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How to connect 4 speakers with 4 ohm each to 1 receiver

 

New member
Username: Dandy099

Post Number: 1
Registered: May-16
Hi everyone. I need to connect four 4 ohm speakers (they are Altec Lansing Ada885, 60 Watts or 15 watts per driver) to a JVC 884RBK receiver. I would like to listen music from it in stereo mode (2 speakers on each side). It does seem to support 4 ohm speakers for stereo and surround. But I'm not exactly sure which way to connect them best? I don't have a subwoofer. Only 4 speakers. Is it too dangerous to connect in parallel?

Another problem is the specs on the amplifier seem to output a lot more power compared to the speakers that I have. Is it even safe to connect them ? I don't plan to listen anything loud.

At Stereo operation
Front channels ............................................................. 100 watts per channel, min. RMS,
driven into 4 ohms at 1 kHz, with
no more than 0.7 % total harmonic
distortion. (IEC268-3/DIN)
50 watts per channel, min. RMS,
driven into 8 ohms at 1 kHz, with
no more than 0.7 % total harmonic
distortion. (IEC268-3/DIN)
At Surround operation
Front channels ............................................................. 70 watts per channel, min. RMS,
driven into 4 ohms at 1 kHz, with
no more than 0.8 % total harmonic
distortion.
Center channel ............................................................. 70 watts, min. RMS, driven into
4 ohms at 1 kHz, with no more than
0.8 % total harmonic distortion.
Rear channels .............................................................. 70 watts per channel, min. RMS,
driven into 4 ohms at 1 kHz, with
no more than 0.8 % total harmonic
distortion.

I am quite an amateur at this stuff therefore a helpful advice is highly appreciated. Thanks.
 

Gold Member
Username: Magfan

USA

Post Number: 3353
Registered: Oct-07
Since the speakers are IDENTICAL, you could wire 'em in SERIES.

Are you going to 'stack' them? We did that many years ago for big parties.

Wire from the PLUS of the receiver to the PLUS of the first speaker. From the MINUS of this speaker to the PLUS of the second. From the MINUS of the second speaker back to the MINUS of the receiver.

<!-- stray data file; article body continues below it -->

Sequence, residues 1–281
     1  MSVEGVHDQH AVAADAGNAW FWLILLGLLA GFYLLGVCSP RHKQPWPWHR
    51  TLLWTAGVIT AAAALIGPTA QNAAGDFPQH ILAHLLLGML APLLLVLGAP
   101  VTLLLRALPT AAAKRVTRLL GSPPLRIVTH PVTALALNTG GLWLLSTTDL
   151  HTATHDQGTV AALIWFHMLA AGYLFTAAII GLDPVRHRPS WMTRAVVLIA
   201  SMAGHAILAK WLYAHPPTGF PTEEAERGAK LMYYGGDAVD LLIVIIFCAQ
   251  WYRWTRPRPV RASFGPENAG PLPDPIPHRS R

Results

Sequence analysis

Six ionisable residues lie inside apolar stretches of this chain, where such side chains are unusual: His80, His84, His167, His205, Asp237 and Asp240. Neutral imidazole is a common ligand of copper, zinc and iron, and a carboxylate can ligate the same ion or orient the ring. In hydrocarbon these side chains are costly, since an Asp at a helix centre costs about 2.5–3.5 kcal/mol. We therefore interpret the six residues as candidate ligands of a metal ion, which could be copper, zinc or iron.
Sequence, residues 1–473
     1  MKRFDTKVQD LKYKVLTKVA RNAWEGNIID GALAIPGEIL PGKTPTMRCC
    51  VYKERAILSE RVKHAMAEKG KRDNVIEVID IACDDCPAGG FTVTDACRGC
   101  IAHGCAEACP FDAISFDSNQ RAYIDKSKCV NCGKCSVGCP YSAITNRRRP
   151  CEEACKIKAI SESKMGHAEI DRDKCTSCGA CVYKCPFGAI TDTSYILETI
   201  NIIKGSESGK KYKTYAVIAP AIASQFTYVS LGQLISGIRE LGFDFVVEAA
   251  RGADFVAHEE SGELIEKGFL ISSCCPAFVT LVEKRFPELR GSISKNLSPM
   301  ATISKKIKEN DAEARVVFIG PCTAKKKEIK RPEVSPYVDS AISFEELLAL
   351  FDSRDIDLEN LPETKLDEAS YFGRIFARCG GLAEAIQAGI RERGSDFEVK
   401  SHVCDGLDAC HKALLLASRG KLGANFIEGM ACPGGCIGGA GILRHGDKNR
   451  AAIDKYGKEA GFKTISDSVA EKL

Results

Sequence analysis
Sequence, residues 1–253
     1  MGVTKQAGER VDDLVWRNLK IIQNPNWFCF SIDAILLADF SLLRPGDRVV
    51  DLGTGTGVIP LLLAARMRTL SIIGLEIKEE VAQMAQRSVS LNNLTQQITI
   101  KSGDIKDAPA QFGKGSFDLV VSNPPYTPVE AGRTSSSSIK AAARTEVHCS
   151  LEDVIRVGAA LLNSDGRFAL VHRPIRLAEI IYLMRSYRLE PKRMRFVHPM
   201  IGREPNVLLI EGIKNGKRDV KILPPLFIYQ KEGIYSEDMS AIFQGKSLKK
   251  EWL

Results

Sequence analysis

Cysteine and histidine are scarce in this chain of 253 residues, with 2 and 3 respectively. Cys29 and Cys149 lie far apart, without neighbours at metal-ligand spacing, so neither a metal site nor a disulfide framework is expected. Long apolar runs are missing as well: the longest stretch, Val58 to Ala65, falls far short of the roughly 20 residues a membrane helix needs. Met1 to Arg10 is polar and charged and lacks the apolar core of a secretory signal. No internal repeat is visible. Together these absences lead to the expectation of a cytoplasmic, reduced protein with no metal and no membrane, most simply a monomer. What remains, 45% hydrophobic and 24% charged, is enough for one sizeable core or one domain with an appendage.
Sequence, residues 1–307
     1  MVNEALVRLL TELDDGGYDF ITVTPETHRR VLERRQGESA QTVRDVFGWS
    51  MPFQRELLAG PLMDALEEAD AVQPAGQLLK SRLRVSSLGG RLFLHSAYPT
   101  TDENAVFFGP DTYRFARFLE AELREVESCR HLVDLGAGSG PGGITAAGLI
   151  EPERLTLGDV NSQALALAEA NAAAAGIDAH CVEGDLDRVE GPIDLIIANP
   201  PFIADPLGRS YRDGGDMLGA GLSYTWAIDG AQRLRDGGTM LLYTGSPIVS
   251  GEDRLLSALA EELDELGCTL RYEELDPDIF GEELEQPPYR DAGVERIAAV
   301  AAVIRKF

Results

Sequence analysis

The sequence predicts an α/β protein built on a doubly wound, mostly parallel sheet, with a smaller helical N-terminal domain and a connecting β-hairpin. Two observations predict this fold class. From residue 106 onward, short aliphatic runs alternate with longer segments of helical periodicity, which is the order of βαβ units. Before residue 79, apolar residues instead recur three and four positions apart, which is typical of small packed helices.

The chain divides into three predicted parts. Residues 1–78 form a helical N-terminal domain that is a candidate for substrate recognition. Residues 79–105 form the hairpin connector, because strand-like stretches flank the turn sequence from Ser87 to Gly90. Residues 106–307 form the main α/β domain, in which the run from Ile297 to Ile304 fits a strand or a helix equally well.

This'll give you a nominal 8 ohms per side and easily in the 'comfort zone' of the receiver. A PARELLEL connection will result in what will appear to the amp as 1/2 the impedance of either OR, in this case, 2 ohms.

Now, since this is a HT receiver? It is POSSIBLE that somewhere buried in all the setups and options is a provision for BIAMP. This is where you have 2 amplfiers going to ONE speaker. The speaker has 4 binding posts and JUMPERS. For normal operation, you connect ONE set of speaker leads to ONE set of the posts and the JUMPERS (copper of other metal bars) carry the signal to the OTHER set. What the biamp folks do is REMOVE THE JUMPERS and connect ONE amp to EACH pair of binding posts.
In YOUR CASE, just connect to each pair of speakers. Each speaker will have its OWN amp which I think will satisfy the need to NOT DROP BELOW 4 ohms.

Failing that, try the series connection I detailed above.

Questions?
 

New member
Username: Dandy099

Post Number: 2
Registered: May-16
Thank you so much for the info. Yes, it is probably called 'stacking'. The speakers were part of a 4.1 set, so they could be either used separately or as 2.1 in a stacked way. I will do what you suggested. The receiver is not yet in my possession, it is coming this week in the mail. So, I will report how it worked out later in the week. Series connection sound a bit easier than the BIAMP. I am not certain if it has such option, the manual online says it's an Audio/Video control receiver. In either case, I will check if it's got the function you've described.
 

New member
Username: Dandy099

Post Number: 3
Registered: May-16
Hi again. I forgot to ask , what to do with tweeters when setting up in series? They are connected to the first full range speakers. There's also a small capacitor on each of them.
 

Gold Member
Username: Magfan

USA

Post Number: 3354
Registered: Oct-07
A capacitor is used to restrict low frequencies from getting to the speaker. A single capacitor in series is a first order filter. Do NOT remove it.

Now that I look this at some pics of this setup? I have misgivings about the whole thing.
If ME? I'd send off for a pair of the DAYTON B652 speakers which are ON SALE and certainly less than 50$ the pair. And will easily exceed the performance of those 'altecs' The name had me fooled. Back in the day, Altec was a good name.
 

New member
Username: Dandy099

Post Number: 4
Registered: May-16
The set up is a little messy right now. I'm having to open the speakers up just to figure out the whole thing. And I can try to explain a bit more. So, there is 1 full range driver + tweeter in each speaker. They were designed together this way. Then there are extra exactly the same full range-driver speakers (without tweeters) that are 'separate' and can be stacked on top of the first ones. So, the only confusing thing right now is which order to connect them in? Starting with the speaker that comes together with tweeter or starting with the separated one?
 

New member
Username: Dandy099

Post Number: 5
Registered: May-16
http://pasteboard.co/QEWftx9.jpg
http://pasteboard.co/QG48AH3.jpg
 

Gold Member
Username: Magfan

USA

Post Number: 3356
Registered: Oct-07
My opinion holds. You'd do better with a pair of the DAYTON B652 speakers for under 50$. Add a few $$ for delivery
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